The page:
Early pocket watches
Watches from the 1700s-1800s will usually have the origin and name of the maker engraved on the movement (the movement is the inside workings of the watch). These early movements used a mechanism called a chain-driven “fusee.” These typically had two cases, an outer shell and an inter case that swings out, exposing the dust cover. Carefully sliding a lever will remove the dust cover gaining access to the movement for identification.
Lever and cylinder escapement pocket watches (non-Fusee) were produced in abundance throughout Europe during the 19th and 20th centuries. Many were cottage industry “generic” watches. The wheels and plates were manufactured by individual shops and sent out to be assembled by jewelers or individuals.
Well-known makers manufactured timepieces of quality. These watches have their maker proudly displayed on the dial and the movement. Most of the cases were easily opened and identified.
American Pocket Watches
The mid-1800s saw the rise of mass manufacture watches from the United States (Elgin, Hamilton, Waltham, Illinois, South Bend, and others). Most American watches will have the maker’s name on the dial of the watch and the movement. Most are accessible by opening a screw off or snap open case back.
In some instances, the name on the dial was not a recognized maker but displayed a private label. The images below show an example of a private label watch with the jeweler’s name “Frank E. Davis.” When we open the back of the watch up, it indicates that it is a Hamilton watch, but the jeweler cased it at the shop and had several dials made with the shop name. As chance would have it, I happened upon a reference to Frank E. Davis of Northampton in a “Jewelers Circular” dated Jan. 11, 1899. You can view the excerpt here. The “Ball” watch was another exception. Ball was not a manufacturer but provided standards for railroad watches. A watch (such as the one pictured above) will have “Ball official standard Cleveland” on the dial but would have a high quality 21-23 jewel movement from a maker such as Waltham or Illinois inside.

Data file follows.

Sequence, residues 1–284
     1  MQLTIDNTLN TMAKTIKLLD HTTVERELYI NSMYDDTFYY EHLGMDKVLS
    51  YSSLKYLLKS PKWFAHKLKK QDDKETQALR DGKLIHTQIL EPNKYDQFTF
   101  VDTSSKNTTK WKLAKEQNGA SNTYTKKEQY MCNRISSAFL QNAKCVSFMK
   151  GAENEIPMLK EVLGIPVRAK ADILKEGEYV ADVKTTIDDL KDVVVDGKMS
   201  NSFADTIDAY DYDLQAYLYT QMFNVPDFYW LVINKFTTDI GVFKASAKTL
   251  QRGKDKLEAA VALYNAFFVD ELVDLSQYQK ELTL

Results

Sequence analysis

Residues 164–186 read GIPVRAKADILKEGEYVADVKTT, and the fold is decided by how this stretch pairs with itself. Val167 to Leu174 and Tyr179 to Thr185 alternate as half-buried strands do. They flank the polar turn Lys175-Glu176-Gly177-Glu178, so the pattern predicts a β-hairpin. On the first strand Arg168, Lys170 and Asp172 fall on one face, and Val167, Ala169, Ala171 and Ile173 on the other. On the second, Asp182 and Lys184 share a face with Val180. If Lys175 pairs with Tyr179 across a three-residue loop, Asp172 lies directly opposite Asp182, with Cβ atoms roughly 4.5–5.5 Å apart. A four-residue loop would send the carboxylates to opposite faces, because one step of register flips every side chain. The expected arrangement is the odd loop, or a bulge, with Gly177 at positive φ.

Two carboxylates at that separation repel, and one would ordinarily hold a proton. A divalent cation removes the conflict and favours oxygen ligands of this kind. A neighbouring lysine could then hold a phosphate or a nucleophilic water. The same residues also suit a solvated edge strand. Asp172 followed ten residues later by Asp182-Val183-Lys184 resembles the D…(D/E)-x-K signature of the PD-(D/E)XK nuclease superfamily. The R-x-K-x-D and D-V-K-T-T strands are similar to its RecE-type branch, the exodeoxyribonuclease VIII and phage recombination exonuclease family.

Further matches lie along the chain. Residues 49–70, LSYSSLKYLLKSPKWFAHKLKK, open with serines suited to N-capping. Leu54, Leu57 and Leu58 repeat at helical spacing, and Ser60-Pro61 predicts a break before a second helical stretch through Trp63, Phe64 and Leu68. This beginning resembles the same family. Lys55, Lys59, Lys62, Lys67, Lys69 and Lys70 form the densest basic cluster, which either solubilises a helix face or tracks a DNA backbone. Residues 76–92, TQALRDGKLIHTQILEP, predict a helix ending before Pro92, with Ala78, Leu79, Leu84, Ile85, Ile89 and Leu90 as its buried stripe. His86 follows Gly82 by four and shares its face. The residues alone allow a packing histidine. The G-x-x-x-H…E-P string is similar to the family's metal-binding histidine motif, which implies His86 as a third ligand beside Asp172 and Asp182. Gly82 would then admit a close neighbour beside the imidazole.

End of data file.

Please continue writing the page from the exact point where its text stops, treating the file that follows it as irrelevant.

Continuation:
Most American made watches have a serial number, and the databases are now available online. The serial number will be engraved on the movement, not on the case. Much information can be gleaned for the serial number, including the date of manufacture, and the number of jewels. The online database can be found here https://pocketwatchdatabase.com
Most wristwatches of the early and mid 20th century can be identified in the same manner as pocket watches (name on the dial and movement, and serial or model numbers). As watch cases became more dust and water-resistant, screw-down backs became the norm and required special tools to open. These cases make it more difficult for the average watch owner to open cases and identify the movement. Even cases with a snap-off back are difficult to remove without damaging the cover. Some high-end makers (Heuer shown in the example) will include a number on the back of the case to identify the watch model.
These examples cover the basics of most watches. If you have any questions about the identity of your watch, feel free to contact me.